If you are DIing everything but vocals, the only SOUND that is going to be an issue is when you are playing back music. You've got a power amp (what's it powering??) and powered speakers. What WILL be transmitted through hard surfaces - including wood framing and walls, and even concrete walls - are the low notes. If you keep the volumes at realistic levels, that should not be an issue. A comfortable monitoring level is around -85dB.
So what you want to do in setting up this room is sound treatment, not soundproofing.
99% this is exactly what I do with zero sound proofing ...Vocals vary depending on who is singing what they are singing and how loud they are singing... with the solid core doors closed the wife in the house normally cannot hear me sing...Thank God...with the doors open ...sometimes...Yep she can kinda hear me...definitely heard me when I was working on singing smoke on the water which the Band has asked me to perform...my poor vocal chords...thats a ripper...

I'm again thinking you do the stacked drywall thing and you're going to be golden...IF it still bleeds through you can always add some layers...Don't know if you watched the video I posted earlier but caulking / sealing every joint , seam and electrical outlet / switch box is a proper way to help eliminate the bleed...
I'm going to set it up and give it a shot. Though I have to be honest. I barely touch my guitar anymore. I don't think it misses me.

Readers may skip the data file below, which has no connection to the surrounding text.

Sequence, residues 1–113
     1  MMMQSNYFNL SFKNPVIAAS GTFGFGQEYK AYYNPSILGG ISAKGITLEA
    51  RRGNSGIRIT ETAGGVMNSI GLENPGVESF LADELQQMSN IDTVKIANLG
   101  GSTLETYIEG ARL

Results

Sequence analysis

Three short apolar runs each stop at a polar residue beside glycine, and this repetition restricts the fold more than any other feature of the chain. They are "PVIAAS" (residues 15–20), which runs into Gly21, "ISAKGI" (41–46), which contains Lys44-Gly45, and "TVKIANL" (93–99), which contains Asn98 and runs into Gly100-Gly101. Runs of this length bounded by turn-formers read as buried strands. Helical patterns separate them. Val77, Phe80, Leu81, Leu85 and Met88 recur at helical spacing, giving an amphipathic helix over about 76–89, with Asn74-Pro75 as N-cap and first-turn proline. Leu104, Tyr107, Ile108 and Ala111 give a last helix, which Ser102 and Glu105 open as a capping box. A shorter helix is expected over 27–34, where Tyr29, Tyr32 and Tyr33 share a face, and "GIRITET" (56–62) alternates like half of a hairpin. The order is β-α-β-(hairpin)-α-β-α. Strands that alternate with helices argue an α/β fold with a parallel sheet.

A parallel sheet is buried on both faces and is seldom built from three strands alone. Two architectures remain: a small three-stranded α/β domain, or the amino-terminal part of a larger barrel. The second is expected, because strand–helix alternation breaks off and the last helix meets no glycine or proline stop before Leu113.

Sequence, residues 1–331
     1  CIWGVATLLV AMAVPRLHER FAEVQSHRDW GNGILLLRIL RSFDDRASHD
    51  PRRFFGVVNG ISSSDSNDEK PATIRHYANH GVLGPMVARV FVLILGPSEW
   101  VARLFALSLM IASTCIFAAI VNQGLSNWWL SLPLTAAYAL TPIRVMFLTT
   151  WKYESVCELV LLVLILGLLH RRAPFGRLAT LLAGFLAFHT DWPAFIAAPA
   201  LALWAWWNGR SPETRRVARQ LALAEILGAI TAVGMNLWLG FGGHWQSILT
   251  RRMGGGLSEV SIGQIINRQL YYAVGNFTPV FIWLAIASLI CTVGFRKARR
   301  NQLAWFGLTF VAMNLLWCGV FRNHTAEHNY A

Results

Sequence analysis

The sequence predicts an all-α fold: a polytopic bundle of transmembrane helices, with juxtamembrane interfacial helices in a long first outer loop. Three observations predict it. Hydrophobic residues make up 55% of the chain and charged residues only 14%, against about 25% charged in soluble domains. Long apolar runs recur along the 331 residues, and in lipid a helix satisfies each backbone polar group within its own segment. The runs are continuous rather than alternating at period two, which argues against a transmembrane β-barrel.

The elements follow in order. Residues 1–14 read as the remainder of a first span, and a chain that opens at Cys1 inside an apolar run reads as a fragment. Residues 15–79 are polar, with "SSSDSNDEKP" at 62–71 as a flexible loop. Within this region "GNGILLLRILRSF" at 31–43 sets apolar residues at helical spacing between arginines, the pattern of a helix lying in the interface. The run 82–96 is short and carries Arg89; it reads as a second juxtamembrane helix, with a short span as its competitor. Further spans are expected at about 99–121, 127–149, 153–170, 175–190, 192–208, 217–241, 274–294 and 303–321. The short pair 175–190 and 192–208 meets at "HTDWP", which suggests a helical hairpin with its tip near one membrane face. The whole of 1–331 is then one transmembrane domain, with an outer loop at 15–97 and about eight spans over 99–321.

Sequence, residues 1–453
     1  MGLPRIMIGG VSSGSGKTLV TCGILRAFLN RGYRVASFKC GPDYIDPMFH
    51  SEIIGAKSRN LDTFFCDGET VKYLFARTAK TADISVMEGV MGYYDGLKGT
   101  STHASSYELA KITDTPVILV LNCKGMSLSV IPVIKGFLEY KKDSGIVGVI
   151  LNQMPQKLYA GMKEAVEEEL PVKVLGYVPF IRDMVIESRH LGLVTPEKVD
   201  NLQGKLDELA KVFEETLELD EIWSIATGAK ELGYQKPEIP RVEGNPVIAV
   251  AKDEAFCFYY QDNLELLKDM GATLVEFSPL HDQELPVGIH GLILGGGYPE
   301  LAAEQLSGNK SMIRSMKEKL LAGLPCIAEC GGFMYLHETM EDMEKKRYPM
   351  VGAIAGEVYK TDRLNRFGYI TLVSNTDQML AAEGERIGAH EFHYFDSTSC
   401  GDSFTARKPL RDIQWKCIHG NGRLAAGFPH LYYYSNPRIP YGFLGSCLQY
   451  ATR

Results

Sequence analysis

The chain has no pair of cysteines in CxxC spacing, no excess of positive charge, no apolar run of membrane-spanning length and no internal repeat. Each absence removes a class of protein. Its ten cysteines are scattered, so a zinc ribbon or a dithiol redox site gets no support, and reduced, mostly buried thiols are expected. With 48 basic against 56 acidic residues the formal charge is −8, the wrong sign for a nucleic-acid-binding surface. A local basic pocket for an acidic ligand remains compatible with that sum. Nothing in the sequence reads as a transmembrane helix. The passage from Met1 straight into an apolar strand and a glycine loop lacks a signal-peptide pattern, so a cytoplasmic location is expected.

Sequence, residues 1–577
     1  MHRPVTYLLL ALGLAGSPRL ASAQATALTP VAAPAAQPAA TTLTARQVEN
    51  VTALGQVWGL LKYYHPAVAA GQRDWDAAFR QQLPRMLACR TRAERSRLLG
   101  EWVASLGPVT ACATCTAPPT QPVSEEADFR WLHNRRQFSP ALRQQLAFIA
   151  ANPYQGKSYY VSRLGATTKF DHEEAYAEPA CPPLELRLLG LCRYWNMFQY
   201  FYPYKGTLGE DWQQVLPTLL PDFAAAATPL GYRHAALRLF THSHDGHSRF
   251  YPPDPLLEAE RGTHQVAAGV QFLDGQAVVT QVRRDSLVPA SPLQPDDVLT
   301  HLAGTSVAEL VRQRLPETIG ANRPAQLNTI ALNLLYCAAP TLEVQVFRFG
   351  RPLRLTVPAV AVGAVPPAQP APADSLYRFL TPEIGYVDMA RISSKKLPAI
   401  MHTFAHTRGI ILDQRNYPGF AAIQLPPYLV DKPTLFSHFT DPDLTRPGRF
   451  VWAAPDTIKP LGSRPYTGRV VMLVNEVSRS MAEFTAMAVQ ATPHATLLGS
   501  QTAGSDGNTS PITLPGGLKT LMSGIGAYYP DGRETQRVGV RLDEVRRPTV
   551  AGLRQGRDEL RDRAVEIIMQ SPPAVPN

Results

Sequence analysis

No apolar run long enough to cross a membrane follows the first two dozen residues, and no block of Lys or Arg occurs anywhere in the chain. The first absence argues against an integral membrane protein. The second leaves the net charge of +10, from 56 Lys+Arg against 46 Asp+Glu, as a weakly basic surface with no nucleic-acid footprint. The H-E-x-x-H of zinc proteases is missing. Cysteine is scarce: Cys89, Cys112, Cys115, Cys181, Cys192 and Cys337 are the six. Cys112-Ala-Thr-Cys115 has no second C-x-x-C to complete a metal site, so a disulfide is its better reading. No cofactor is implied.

You are thinking about sound as well, sound. You've touched on it already - it's not the sound in the air that causes noise next door, it's sound in the structure and the ground. A few years back locally we had some major building work and the newspapers and social media were full of people complaining about the banging sound. It didn't show up on sound meters the environmental health people brought in and because it could not be measured with their equipment, nothing was done because they could not measure it or evidence it. A local college, through their linked university brought in specialist geological equipment and there it was, sub-sonic noise. People were 'hearing it' - but it seems likely they were hearing, feeling or sensing it and they were not wrong. I think it was tracked down to pumps in the end, which were sorted. Dragging that heavy item put energy into the floor, through the walls and out next door. Your aim, if you are serious will be to isolate the space - so it's a room within a room, mounted on those submarine type neoprene blocks that support your interior, isolating it from the real floor and walls. What little energy gets from the amp, into the floor, via the cab sitting on the structure, rather than the air 'wobbling' the walls, into the other wall, into next door is the key. You want to be stopping it getting into the building rather than trying to soak up what is already in the building getting into next doors building - which share the same floor. In a studio in my old college we had one of those laminate floors, and the noise of the students rolling office chairs across it was very clear next door, but the music wasn't! For cheapness, the supplier put it direct onto the concrete floor, shared with next door. relaying it on proper insulation cured it. No guitars or even brass instruments could be heard next door, but that strange roaring noise was amazing!